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The Soup Spoon co-founder Anna Lim on overcoming business setbacks to create a thriving restaurant chain

Two decades on, Anna Lim reflects on the ups and downs of The Soup Spoon’s journey – and shares the secret to the company’s sustained success.

The Soup Spoon co-founder Anna Lim on overcoming business setbacks to create a thriving restaurant chain

The Soup Spoon co-founder Anna Lim (Photo: Kelvin Chia)

It may be slightly over 20 years since The Soup Spoon was born, but for one of its co-founders Anna Lim, the memories from the early days of the business are still “very raw and fresh”.

After all, starting a business from the ground up is never easy. Furthermore, she didn’t come from an F&B background. “The Soup Spoon was just something we wanted to do,” Lim added.

Lim, 47, founded The Soup Spoon in 2002 together with her husband, Andrew Chan, and their friend from university, Benedict Leow. Back then, the trio were in their late 20s. Lim had been working as an embryologist, but when the time came to further her studies in the field by taking up a Master’s course, she began to question her career path. Going ahead with her Master’s meant that she would have been bonded for a few years with the hospital she was working for. “So I made the decision that I wanted to do something different,” Lim shared.

At the time, Lim, an avid cook, spent much of her time experimenting with different soup recipes in her kitchen. “Growing up, soup has always been a part of our Asian culture. While I was studying in Australia, a staple in my diet was soup and stews from the can. I figured that we could make a better version of that,” recalled the mother of two.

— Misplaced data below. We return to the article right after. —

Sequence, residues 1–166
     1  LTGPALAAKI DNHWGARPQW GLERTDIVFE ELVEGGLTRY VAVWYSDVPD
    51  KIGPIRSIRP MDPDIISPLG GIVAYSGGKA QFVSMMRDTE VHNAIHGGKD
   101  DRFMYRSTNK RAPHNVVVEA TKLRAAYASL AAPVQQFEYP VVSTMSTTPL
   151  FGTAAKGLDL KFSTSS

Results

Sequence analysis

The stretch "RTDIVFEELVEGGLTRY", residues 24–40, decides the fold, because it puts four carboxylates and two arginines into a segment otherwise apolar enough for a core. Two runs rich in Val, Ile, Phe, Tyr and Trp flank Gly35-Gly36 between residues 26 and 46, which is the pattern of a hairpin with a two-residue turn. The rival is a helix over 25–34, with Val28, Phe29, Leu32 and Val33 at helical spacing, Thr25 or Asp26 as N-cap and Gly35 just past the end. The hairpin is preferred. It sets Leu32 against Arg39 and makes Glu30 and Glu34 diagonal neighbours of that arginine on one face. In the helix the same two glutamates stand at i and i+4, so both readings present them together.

She eventually took the leap to quit her job and started The Soup Spoon. The company began as a home-based business, but the trio later invested S$250,000 to open their first retail outlet in Raffles City in June 2002. What followed was a journey of trials and tribulations, with several learnings along the way.


For many Singaporeans, The Soup Spoon hardly needs introduction. With a total of 29 outlets around the country, it is known for its nourishing and nutritious bowls of soup, made with no preservatives and no MSG. Favourites include the Boston Clam Chowder, Meatless Minestrone, Tokyo Chicken Stew and SG Chicken & Mushroom Ragout.

Lim takes on the role of “Souperchef”, where she is responsible for crafting the menu and coming up with unique and creative flavours. She describes the first few years of operating the outlet in Raffles City as “really tough”. After closing, she found herself peeling potatoes at the shop late into the night. Instead of going home, she would sleep in the kitchen in order to open the shop on time in the morning.

Once, she fell asleep at a traffic light while driving the company van. “I was so embarrassed because there were all these people standing in front of my windscreen. Someone had opened the door, reached in and shook me awake,” she recalled.

One of the company’s darkest moments include the time when, in a bid to diversify their target market to include families and children, it opened its second outlet in United Square shopping mall in 2003. On hindsight, the opening of the United Square outlet was ill-timed and badly planned. That was the year that the SARS outbreak hit Singapore, resulting in many business closures in the mall. As a result, there was hardly any crowd at the shop. The company ended up losing S$100,000 and had to let many of their staff members go.

“In all honesty, we could blame it on SARS. But I will say that it was naivety and a lack of market research on our part in thinking that children and families were our target audience. We were dead wrong,” Lim admitted.